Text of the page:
“Were it left to me to decide whether we should have a government without newspapers or newspapers without a government, I should not hesitate a moment to prefer the latter.” – Thomas Jefferson, author of the Declaration of Independence and third President of the United States
This quote from Thomas Jefferson, one of the founders of our nation, shows that he truly appreciated the value of journalism in maintaining a free society. In fact, it appears he valued it higher than government itself.
Role of Journalism in Democracy
It is our belief that the role of journalism in a democracy is to:
- report on those in power through what we call watchdog journalism;
- report on the public’s needs, impressions, and wants;
- provide reassurance and even panic prevention by shedding light on critical events.
The Pew Research Journalism Project provides a nice summation of both the purpose and the current challenges in an article titled A New Journalism for Democracy in a New Age. We love its conclusion: “Freedom and democracy depend upon individuals who refuse to give up their belief that the free flow of timely, truthful information is what has made freedom, self-government and human dignity possible.”
Gatekeepers vs. Referees
The 2005 article also has an important point to make about journalists becoming “referees rather than gatekeepers” for information. They note that the fences are already down with many, many other sources of information available. They were quite prescient in that now, some nine years later, there are substantially more sources of information available to anyone with a smartphone.
From another perspective, one need only look at the challenges of journalists in nations where democracy is either in its infancy or does not exist at all. In those nations—from Cuba to Russia and extending across continents—journalists face the very real threat of death for reporting what those in government do not want reported.
The World Movement for Democracy provides a short summary of the broad range of issues affecting journalists in a post titled “The Role of Journalists in Democratic Development.” This list includes a huge array of issues that we largely take for granted in the United States, from intimidation and violence to bribery and just trying to eke out a living from very low pay.
Objective Reporting or Advocacy Journalism
“Journalists believe that objective journalism provides facts and information to citizens who can then make their own judgment.” This is from Michael Schudson, professor of journalism at Columbia University, in his article titled “Reluctant Stewards: Journalism in a Democratic Society” in the Dædalus, the Journal of the American Academy of Arts & Sciences.
Schudson further states that this mindset has often morphed into advocacy journalism, where reporters attempt to demonstrate that they “know best” regarding what you should think and act upon. He then tracks the development of traditional journalism, which he estimates is only about a century old. Schudson’s final key conclusion is that “Pluralism, pragmatism, and decentralized invention may do better at stewarding democracy than a coherent philosophy of moral guardianship ever could.” He further states that “fact-based accountability news is the essential food supply of democracy.”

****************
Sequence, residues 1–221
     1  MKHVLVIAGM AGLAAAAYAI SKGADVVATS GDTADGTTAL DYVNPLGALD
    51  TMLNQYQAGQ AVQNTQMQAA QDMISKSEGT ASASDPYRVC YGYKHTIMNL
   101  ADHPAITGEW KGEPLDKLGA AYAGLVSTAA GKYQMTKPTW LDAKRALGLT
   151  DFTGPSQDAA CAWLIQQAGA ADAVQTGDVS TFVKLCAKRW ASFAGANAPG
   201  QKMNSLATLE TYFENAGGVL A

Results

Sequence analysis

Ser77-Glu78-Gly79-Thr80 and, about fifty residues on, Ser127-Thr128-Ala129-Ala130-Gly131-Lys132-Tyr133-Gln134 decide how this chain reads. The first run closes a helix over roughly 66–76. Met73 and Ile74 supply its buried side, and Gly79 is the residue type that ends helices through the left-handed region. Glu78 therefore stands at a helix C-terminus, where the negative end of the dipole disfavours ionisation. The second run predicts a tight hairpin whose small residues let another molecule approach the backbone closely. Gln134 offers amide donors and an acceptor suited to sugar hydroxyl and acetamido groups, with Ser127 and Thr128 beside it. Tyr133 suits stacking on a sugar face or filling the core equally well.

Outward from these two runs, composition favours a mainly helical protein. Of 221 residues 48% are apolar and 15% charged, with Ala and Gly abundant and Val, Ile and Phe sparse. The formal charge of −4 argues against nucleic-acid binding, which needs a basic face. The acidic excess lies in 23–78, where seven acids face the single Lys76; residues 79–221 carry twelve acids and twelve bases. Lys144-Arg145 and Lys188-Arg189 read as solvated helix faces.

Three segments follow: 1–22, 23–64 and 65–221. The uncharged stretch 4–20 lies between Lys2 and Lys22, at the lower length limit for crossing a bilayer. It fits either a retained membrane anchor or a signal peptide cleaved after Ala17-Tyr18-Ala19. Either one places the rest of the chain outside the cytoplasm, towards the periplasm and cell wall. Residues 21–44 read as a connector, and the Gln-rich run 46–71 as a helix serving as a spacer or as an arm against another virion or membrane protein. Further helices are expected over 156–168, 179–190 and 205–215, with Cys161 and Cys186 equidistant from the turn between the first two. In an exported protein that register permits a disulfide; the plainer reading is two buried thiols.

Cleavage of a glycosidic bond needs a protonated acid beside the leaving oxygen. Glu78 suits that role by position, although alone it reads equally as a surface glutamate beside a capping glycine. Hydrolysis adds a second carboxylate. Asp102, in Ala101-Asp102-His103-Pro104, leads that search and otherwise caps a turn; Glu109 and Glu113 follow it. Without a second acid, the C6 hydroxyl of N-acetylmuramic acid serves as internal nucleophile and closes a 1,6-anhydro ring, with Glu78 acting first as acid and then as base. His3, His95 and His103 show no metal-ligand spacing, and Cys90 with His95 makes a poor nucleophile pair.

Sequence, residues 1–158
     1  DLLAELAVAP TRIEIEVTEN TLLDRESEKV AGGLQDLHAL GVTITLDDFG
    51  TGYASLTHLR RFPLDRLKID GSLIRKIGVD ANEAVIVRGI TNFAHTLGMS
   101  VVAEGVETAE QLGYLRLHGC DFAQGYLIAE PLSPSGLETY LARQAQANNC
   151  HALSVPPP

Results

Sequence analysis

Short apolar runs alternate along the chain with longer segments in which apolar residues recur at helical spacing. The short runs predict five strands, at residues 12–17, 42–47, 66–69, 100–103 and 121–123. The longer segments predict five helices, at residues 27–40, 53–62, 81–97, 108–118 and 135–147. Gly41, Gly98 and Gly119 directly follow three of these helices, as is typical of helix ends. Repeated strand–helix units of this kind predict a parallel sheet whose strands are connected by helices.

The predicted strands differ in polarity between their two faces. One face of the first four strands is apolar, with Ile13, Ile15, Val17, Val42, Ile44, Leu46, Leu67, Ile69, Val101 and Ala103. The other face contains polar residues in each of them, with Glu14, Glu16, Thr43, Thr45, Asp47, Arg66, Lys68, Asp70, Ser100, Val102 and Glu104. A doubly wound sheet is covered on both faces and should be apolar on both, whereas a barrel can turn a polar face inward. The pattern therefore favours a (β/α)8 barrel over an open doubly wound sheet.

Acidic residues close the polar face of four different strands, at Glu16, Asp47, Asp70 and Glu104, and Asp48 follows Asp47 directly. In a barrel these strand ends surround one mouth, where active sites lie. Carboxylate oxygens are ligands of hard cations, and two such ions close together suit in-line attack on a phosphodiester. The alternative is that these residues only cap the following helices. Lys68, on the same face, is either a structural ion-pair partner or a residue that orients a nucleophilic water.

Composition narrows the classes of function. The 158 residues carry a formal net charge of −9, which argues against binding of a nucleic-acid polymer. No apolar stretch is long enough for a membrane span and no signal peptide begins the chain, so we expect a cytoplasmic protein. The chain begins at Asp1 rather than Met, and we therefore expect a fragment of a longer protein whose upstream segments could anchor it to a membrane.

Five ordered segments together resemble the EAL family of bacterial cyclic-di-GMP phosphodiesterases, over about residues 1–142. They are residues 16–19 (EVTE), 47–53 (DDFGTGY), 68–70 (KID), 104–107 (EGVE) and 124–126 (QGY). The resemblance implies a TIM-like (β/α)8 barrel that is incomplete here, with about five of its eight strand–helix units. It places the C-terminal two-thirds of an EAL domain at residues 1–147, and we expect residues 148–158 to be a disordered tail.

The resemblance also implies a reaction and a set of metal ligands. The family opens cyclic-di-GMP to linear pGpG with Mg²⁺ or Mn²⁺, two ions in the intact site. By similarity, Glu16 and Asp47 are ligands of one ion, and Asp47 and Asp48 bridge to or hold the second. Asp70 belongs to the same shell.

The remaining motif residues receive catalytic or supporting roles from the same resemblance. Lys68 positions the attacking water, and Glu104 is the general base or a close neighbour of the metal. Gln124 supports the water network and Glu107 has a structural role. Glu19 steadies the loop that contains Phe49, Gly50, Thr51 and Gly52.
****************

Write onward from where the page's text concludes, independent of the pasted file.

Citizen Watchdog Journalism
In our viewpoint he is really pointing to the decentralized and pragmatic emergence of citizen watchdog journalism. This movement has been growing, due in part to the Internet’s ability to get the news out and do so in an extremely cost effective and rapid manner. It has also been growing because there are important areas that mainstream news outlets can no longer cover or where they have reduced their coverage. This includes our own statehouse reporting.
This does place into perspective what so many of us have come to believe is the normal of traditional journalism: newspaper, television, and even radio. We need to be reminded that the golden age of radio lasted about three decades. What we call newspaper journalism has been in place roughly a century and began its decline a couple of decades ago. Television continues strong in viewership, but its news reporting has substantially declined.
We also forget that Thomas Paine and his pamphleteering helped lead the way to the Revolutionary War. At the time his approach to getting the word out was pretty revolutionary, so to speak. Much of this type of revolutionary reporting is happening today. It is happening through citizen journalists, watchdog groups like our own, and even social media—think of the photo of the plane landing in the Hudson River that was first posted on Twitter.
You Can Help
Citizen journalism begins with you, the citizen. It can be as simple as your choices regarding news sources. Advertisers and funding will move with the readers.
If you see this growing threat to “fact-based accountability news” which is “the essential food supply of democracy” as the serious matter we believe it is, now is the time to step forward and make a difference.